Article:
The plaque at "Truman's Booth."

The inside of the restaurant arguably looks and feels like a diner from the 1950s or 60s. Small booths line one wall of the main room, while a bar-type set-up occupies the other side. A more modern dining room also exists next to the older one. At each booth, a old-style jukebox is at the end of each table. Although most have “out of order” signs, it appears that some may still work. And, an additional novelty of the Princess is a booth in which former President Harry Truman and his wife, Bess, dined on Fathers Day 1953.

As for the food, the Princess is exceptional, quite possibly due to over 70 years of refinement. The restaurant has breakfast, lunch and dinner items. The list of 40-plus different types of sandwiches alone out-preforms many chain restaurants. For dinner, patrons can choose from a wide selection, from steak to pasta dishes to seafood to chicken.

"Broiled Cod Loin with Crab Meat," Princess Restaurant.

I ordered the broiled cod with crab meat, plated with fries and corn. In case the name doesn’t make it evident, my dinner was just a cod filet surrounded by seasoned crab meat and covered in butter and garlic and then broiled. The entire dinner was cooked perfectly and thorough. I also liked the portion size at the Princess. In my opinion, a lot of the larger chain restaurants tend to serve huge portions (with a higher price tag!), but at the Princess, massive portions seem to not be the case, which I think is great. In no way was I left hungry or wanting to eat later, but I also didn’t have the “I ate too much that I can’t move” feeling.

Being from Allegany County, I almost feel ashamed saying that this was the first time I had ever been to the Princess. And after having visited, I think I’ve been missing out on great, more-than-reasonably-priced food! On a larger note, my visit also reminded me of the point of this blog – to find places like the Princess that remain independent and unique along U.S. 40. Like I said, this was the first time I had been to the Princess, but I also remember the dozens of times I have eaten at chain restaurants in Allegany County, all the while missing out on good, local food.

The interior of the Princess Restaurant.

The Princess Restaurant is located at 12 W. Main St., Frostburg. Hours: Monday through Saturday, 6 a.m. to 8 p.m.; closed Sunday. Phone: 301-689-1680; Fax: 301-689-9029. Take-out is available.

Princess Restaurant on Urbanspoon


Mile 11 – Frostburg, Md.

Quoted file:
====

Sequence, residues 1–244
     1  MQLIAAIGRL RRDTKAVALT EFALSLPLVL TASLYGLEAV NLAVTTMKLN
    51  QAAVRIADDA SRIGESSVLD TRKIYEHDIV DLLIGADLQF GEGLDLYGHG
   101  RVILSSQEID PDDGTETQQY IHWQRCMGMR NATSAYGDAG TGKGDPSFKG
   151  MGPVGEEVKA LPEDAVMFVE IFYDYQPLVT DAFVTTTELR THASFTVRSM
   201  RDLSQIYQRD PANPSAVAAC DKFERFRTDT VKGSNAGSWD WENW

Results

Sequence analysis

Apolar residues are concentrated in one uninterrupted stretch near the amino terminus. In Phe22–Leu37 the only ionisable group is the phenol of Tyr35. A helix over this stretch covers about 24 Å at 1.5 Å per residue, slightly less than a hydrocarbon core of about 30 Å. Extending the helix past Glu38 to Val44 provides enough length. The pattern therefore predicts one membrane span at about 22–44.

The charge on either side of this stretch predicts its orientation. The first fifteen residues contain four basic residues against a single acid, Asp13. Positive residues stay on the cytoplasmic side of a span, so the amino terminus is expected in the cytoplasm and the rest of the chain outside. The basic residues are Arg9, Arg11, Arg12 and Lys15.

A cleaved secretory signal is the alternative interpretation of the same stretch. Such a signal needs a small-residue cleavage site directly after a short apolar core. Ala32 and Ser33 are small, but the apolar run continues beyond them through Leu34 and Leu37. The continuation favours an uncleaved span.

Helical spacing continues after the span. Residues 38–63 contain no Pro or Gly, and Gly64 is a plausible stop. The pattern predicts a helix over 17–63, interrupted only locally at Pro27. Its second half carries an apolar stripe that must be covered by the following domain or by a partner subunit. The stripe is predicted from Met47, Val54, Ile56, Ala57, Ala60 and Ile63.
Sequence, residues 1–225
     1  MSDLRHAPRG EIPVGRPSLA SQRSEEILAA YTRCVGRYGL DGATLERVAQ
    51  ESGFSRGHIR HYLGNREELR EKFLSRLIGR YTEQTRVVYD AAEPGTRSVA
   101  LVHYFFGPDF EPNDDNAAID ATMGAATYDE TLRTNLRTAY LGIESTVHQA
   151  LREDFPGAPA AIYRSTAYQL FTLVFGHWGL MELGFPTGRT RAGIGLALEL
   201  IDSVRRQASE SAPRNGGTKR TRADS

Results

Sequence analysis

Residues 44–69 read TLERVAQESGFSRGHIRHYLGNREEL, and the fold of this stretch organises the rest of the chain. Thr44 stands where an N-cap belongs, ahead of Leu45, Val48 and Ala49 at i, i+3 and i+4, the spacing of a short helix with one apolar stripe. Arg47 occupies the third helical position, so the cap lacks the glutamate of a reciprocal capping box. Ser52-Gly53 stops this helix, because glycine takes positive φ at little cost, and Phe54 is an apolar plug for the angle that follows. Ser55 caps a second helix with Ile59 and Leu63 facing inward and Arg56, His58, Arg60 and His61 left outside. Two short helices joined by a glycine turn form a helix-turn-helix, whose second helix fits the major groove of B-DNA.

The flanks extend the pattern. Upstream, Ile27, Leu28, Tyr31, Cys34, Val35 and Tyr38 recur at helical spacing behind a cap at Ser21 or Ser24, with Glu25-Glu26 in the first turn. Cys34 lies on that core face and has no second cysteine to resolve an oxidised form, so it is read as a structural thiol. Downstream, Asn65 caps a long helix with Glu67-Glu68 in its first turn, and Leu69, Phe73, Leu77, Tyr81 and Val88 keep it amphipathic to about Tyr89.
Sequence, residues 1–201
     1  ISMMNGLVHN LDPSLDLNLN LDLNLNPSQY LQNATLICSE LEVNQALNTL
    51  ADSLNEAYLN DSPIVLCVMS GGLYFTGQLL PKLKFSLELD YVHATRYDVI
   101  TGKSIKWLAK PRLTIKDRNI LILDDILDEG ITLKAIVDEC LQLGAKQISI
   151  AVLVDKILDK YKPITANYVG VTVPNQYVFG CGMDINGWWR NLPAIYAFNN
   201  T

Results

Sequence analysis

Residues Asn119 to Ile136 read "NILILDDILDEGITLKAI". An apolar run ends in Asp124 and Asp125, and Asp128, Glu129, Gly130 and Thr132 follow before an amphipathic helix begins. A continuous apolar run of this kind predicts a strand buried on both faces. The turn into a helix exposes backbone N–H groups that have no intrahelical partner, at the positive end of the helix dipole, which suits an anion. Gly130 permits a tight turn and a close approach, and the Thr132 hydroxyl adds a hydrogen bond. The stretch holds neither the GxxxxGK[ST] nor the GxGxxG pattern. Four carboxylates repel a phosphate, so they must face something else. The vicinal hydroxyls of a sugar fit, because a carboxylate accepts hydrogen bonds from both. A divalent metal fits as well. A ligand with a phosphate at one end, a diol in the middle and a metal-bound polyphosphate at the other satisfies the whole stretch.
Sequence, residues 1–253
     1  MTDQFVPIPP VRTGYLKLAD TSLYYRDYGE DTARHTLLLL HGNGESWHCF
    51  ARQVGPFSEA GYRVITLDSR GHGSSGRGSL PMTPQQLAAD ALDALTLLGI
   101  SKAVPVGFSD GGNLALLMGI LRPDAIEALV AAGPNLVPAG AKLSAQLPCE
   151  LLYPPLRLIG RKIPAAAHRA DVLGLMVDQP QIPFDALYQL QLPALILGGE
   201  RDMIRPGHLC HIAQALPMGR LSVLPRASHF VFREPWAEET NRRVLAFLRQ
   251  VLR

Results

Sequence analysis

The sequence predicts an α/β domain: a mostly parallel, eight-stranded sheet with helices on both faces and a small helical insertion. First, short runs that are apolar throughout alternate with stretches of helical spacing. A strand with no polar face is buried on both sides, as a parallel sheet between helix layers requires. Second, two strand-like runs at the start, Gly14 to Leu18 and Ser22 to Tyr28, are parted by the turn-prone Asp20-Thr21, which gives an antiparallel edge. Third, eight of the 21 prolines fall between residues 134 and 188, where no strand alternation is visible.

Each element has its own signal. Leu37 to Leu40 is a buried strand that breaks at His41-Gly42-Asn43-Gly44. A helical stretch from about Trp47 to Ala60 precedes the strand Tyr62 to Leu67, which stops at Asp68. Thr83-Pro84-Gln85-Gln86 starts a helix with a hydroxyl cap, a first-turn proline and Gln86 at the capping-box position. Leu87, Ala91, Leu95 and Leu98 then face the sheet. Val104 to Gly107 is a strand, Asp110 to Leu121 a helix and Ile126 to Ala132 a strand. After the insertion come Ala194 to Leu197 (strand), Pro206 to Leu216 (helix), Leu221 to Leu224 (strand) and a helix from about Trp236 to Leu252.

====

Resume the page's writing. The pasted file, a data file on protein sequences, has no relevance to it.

Main Street in Frostburg, Md.

Welcome to coal country. After a steep ascent up the Allegheny Front, the National Road reaches the small city of Frostburg. Frostburg was built for two primary interests: travel along the National Road, and coal. at various points in the late 1800s and early 1900s, several local railroads, including, but not limited to, the Georges Creek Railroad, the Cumberland and Pennsylvania and the Western Maryland all ran through or near Frostburg, ferrying coal from the mines around Frostburg and the Georges Creek communities to Cumberland and subsequent transportation methods to larger cities.

Today, evidence of Frostburg’s past is found throughout the small city of about 9,000 people per the 2010 Census. Main Street, which is also ALT U.S.-40 (the National Road) runs straight through town, and Frostburg’s older, multi-story buildings line this street.

Right off Main Street near the center city area is the appropriately-named Depot Street, which winds down a short hill to the former Western Maryland Railroad depot. This is the western terminus of the Western Maryland Scenic Railroad, which makes round trips from Cumberland to Frostburg, and lets travelers spend a few hours in Frostburg before returning to Cumberland. Also, the Great Allegheny Passage trail passes by the depot on its journey from Cumberland to Pittsburgh, Pa. The trail follows the WMSR to Frostburg, and then continues on the empty bed of the Western Maryland Railroad into Pennsylvania.

Although much of the accessible coal has already been taken from the hills and mountains around Frostburg, some mines still remain on the outskirts of town (one is visible from I-68 and another is visible from MD-638). For an additional history roadtrip featuring Western Maryland’s coal heritage, drive MD-36 from Cumberland, through Mount Savage and Frostburg, and then south through the Georges Creek Valley to Westernport, Md.